On September 8, 2015, the House of Representatives passed a bill intended to combat prescription drug abuse through the reauthorization of a program that provides federal grants to states for prescription drug monitoring programs (PDMP). The National All Schedule Prescription Electronic Reporting (NASPER) Reauthorization Act, (H.R. 1725), authored by Rep. Edward Whitfield (R-Ky.) and Rep. Joseph P. Kennedy (D-Mass.), passed the House by voice vote. Under NASPER, funding will be provided to states for the purpose of encouraging state use of prescription drug monitoring programs. These programs collect and distribute data about the prescribing and dispensing of prescription drugs. The bill authorizes the appropriation of $10 million for each of the fiscal years from 2016 through 2020 to provide for the grants.

A PDMP is a statewide electronic database which collects designated data on prescription drugs dispensed in the state. Generally under PDMPs, pharmacies that dispense controlled substances and providers who prescribe controlled substances are required to register with the state PDMPs and (for pharmacies and providers who dispense controlled substances from their offices) to report the dispensation of such prescriptions to the PDMP electronic online database.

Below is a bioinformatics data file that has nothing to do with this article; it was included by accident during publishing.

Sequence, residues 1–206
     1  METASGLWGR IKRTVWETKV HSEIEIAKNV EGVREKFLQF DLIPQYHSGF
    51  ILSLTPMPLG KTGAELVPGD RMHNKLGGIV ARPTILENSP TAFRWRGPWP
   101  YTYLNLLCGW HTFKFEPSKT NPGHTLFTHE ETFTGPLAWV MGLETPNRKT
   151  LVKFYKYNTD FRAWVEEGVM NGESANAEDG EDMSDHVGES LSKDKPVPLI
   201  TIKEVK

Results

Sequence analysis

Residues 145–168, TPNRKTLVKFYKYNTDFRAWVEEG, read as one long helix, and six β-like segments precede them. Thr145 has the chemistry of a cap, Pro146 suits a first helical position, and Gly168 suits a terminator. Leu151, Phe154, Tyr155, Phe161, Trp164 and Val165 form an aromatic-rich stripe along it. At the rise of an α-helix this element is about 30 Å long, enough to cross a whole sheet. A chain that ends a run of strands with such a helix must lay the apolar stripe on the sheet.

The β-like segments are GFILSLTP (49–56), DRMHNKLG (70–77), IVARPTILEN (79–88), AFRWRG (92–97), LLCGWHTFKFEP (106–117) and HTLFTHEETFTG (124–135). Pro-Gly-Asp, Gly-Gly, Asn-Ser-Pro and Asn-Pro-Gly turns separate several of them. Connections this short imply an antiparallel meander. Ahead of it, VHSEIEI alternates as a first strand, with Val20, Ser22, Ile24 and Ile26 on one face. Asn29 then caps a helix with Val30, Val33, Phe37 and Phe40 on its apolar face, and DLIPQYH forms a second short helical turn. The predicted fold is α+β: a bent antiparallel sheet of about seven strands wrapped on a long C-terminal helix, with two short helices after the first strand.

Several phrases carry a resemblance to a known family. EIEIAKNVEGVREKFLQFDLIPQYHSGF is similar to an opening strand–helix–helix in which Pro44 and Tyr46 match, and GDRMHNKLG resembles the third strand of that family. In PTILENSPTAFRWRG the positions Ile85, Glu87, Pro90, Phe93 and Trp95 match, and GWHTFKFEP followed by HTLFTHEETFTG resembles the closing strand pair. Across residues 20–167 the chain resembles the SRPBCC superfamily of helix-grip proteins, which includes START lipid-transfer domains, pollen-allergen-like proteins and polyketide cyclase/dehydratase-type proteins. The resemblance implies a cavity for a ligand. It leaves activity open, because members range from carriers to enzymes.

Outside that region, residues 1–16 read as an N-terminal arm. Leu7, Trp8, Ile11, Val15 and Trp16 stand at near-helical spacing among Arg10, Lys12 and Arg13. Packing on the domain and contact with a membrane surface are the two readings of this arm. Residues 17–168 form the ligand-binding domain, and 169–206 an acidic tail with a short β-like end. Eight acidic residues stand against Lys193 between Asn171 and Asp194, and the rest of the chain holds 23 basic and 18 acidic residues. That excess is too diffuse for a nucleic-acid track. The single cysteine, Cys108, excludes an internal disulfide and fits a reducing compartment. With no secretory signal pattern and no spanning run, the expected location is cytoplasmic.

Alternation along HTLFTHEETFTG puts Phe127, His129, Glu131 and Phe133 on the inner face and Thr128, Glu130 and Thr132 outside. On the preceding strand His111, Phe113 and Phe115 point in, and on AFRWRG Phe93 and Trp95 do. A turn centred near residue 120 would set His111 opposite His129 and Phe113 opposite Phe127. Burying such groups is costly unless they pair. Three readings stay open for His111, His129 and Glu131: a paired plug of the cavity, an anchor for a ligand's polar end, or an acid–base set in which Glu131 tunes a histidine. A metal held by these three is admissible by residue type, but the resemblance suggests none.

The information to be reported under state PDMPs commonly includes following:

  • Recipient’s name
  • Recipient’s address
  • National drug code number of the controlled substance
  • Date of dispensation
  • Quantity dispensed
  • Dispenser’s U.S. DEA registration number
  • Prescriber’s U.S. DEA number
  • Any additional information that may be required by the applicable state agency

The frequency of the reporting varies from state to state, and ranges from daily to monthly.

The specified state regulatory, administrative, or law enforcement agency tasked with running the PDMP distributes the data to individuals who are authorized under state law to receive the information for purposes of their profession. PDMPs are used by states to address prescription drug abuse, addiction and diversion, and may serve several purposes such as to:

  • Support access to legitimate medical use of controlled substances
  • Identify and deter or prevent drug abuse and diversion
  • Facilitate and encourage the identification, intervention with, and treatment of persons addicted to prescription drugs
  • Inform public health initiatives through outlining of use and abuse trends
  • Educate individuals about PDMPs and the use, abuse and diversion of and addiction to prescription drugs

The next step for the bill is consideration by the Senate.